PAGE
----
Radical Educators: New book discusses teacher agency and resistance through history

May 16 2019

Tina Y. Gourd (PhD ‘15) and Jennifer Gale de Saxe (PhD ‘14) are graduates of the UW College of Education and co-editors of the recently published book “Rearticulating Education and Social Change: Teacher agency and resistance, early 20th century to the present.”

The book demonstrates activist work by educators throughout the history of education. Underemphasized modes of resistance are analyzed within the context of their communities, and impacts from historical and cultural factors on the individual educators’ efforts are viewed through a lens of teacher agency.

UW faculty, alumni honored by AERA

Mar 21 2019

 

The outstanding scholarship of UW College of Education faculty and alumni will be recognized during next month's American Educational Research Association meeting in Toronto.

Those being recognized include:

Alum works to advance justice in teacher preparation

Jan 30 2019

As a teacher in Atlanta, Jacob Hackett (PhD '16) saw a disproportionate number of his minority students placed in special education and segregated from the classroom.

“I did see special education as — unfortunately for many students, particularly for students of color, particularly for boys of color — a way of getting them out of the classroom,” Hackett said. “And unfortunately headed to negative outcomes. I didn’t like that.”

Kid's Best Friend: Animal connection in the classroom

Jan 11 2019

“Playful” and “energetic” can describe both a puppy and a young child. Both enjoy toys, running and being close to the ones they love. An estimated 70 percent of school aged children have pets, making contemporary American children more likely to live with a pet than with both parents. It’s not surprising that many young children describe their pets as family members and confidants.

IslandWood alum starts forest preschool

Dec 21 2018

 

The Asheville Farmstead School is an outdoor, play-based early childhood education center founded and directed by Lauren Brown (MEd '12), an alumnus of the Education for Environment and Community graduate program at IslandWood. There’s a squat and homey stone farmhouse-turned-schoolhouse, but the children don’t spend much time in it, not when there’s a garden to tend, pine stumps and planks with which to build out in the yard, and 25 acres of fields and forested hills to explore.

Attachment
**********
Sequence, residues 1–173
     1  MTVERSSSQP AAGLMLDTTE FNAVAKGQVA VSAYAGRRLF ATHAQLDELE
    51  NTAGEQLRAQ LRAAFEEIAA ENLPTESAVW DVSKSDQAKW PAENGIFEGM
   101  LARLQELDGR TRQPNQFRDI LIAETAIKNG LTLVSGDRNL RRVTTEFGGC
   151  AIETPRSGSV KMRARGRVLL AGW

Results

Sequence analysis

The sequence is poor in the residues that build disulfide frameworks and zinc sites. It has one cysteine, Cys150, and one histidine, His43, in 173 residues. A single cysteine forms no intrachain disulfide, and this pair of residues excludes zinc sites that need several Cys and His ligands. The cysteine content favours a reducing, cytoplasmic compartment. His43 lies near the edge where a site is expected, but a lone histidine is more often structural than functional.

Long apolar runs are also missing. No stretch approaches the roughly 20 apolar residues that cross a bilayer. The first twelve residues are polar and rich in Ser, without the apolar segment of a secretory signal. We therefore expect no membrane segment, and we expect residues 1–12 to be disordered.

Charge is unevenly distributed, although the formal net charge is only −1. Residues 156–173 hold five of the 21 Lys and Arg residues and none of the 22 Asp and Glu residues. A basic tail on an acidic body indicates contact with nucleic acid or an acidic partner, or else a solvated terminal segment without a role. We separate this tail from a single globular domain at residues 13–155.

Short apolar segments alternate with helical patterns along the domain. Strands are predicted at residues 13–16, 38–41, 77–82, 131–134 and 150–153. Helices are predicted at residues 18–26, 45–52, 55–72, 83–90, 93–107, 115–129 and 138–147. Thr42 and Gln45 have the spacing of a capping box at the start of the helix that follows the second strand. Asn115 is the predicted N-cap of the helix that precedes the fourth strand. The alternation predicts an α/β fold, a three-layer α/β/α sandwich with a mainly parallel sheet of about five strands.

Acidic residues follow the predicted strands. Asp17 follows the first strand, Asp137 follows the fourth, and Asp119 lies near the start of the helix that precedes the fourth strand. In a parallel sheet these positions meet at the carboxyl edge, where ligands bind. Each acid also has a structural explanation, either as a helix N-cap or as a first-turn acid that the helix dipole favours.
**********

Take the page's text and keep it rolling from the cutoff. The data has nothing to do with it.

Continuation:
Supporting student learning about race

Nov 8 2018

 

“I can’t play with you because your skin is brown.”

When Caryn Park (PhD '10) heard one of her preschool students say this to his friend, she felt helpless. She knew what it felt like from her own experience as a child of color in the U.S. and knew that it wasn’t fair to have to feel that.

“I felt like I knew nothing,” Park recalled. “I felt like I had no skills with which to support these children.”

Park calls this her critical incident.

Heart for Healing: Supporting mental health in schools

Nov 1 2018

For Kendall Fujioka (BA '14), putting on a second hat for the ABC Unified School District wasn’t exactly by choice. Stepping into the role of program director was necessary when the previous director retired, but she embraced it.

The position placed her in charge of two major grants for the district in southeast Los Angeles County and means she represents ABC on the California Student Mental Health Policy Workgroup. As a project director and member, she contributes to recommendations for state legislation to support youth mental health throughout California schools.

Expanding possibilities: Research into dance and the mind

Oct 15 2018

When Matthew Henley '13 came across an educational psychology course at the University of Washington, his response was, “That sounds interesting. I like teaching and I’ve been taking classes in psychology, but I didn’t know these things were combined as an academic discipline.”

Spanish immersion teacher named Global Learning Fellow for Washington state

Oct 1 2018

She started the application from Vietnam with only a week before the deadline. She had an outline and just needed to put all the pieces together. Then she hit a roadblock.

How did she exemplify one or more habits of a globally competent individual? How did she, as a teacher, foster global citizenship in a classroom environment?

Jennifer Macias Morris (MIT ‘15) knew she had what the NEA Foundation was looking for in selecting its Global Learning Fellows—she just needed to figure out how to explain it.

Supporting students in transition

Jul 26 2018

In a phenomena known as “summer melt,” many high school graduates plan to pursue higher education, but something derails them over the summer.

“They get confused, they don’t know how to fill something out, and then they don’t show up to their first day, and don’t show up for the rest of the year,” Natalia Esquivel - Silva (BA '18) explained.

It’s a chain of events that throws off the plans of many young people, with lifelong consequences.